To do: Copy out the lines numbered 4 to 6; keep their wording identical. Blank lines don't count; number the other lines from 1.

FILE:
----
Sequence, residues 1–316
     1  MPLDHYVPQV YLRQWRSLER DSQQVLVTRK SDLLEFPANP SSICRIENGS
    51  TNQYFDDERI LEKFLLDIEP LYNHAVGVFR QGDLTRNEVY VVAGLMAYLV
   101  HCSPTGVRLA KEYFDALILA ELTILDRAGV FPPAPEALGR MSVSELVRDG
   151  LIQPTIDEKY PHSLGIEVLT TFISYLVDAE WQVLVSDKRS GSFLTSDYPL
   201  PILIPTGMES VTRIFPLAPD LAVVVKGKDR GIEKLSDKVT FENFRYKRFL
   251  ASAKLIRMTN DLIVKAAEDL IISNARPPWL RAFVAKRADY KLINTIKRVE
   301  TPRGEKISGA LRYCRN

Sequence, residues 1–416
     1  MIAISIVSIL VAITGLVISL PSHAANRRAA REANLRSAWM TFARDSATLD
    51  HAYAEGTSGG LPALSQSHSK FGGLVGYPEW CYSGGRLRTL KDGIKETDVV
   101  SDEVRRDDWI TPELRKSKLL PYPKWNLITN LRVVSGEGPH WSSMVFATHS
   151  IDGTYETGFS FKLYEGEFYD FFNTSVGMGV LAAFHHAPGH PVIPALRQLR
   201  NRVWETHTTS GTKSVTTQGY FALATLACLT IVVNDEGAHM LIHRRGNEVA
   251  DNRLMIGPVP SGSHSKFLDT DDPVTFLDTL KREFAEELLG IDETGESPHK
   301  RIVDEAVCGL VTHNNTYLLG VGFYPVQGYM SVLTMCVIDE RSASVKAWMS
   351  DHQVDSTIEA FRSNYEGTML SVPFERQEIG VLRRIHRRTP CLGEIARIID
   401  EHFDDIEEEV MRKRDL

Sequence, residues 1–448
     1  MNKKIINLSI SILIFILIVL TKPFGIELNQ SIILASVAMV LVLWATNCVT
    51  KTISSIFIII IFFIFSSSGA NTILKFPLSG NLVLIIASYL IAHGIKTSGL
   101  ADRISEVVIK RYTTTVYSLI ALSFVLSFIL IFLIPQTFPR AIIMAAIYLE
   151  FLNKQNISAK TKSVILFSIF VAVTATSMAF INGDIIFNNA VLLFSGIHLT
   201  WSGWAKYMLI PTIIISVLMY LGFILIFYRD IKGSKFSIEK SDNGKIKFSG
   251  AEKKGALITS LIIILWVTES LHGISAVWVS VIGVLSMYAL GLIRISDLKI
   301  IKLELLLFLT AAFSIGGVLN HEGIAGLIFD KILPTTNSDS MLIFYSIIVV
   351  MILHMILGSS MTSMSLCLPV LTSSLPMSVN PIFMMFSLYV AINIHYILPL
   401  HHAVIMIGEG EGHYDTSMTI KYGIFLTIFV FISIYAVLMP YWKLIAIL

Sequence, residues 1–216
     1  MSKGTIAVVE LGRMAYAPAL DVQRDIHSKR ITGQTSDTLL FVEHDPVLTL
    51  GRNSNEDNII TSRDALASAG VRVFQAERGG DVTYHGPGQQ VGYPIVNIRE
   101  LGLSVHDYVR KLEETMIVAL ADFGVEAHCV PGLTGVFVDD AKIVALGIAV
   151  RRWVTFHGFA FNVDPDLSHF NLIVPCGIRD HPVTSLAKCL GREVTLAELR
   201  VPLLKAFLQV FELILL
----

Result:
   101  HCSPTGVRLA KEYFDALILA ELTILDRAGV FPPAPEALGR MSVSELVRDG
   151  LIQPTIDEKY PHSLGIEVLT TFISYLVDAE WQVLVSDKRS GSFLTSDYPL
   201  PILIPTGMES VTRIFPLAPD LAVVVKGKDR GIEKLSDKVT FENFRYKRFL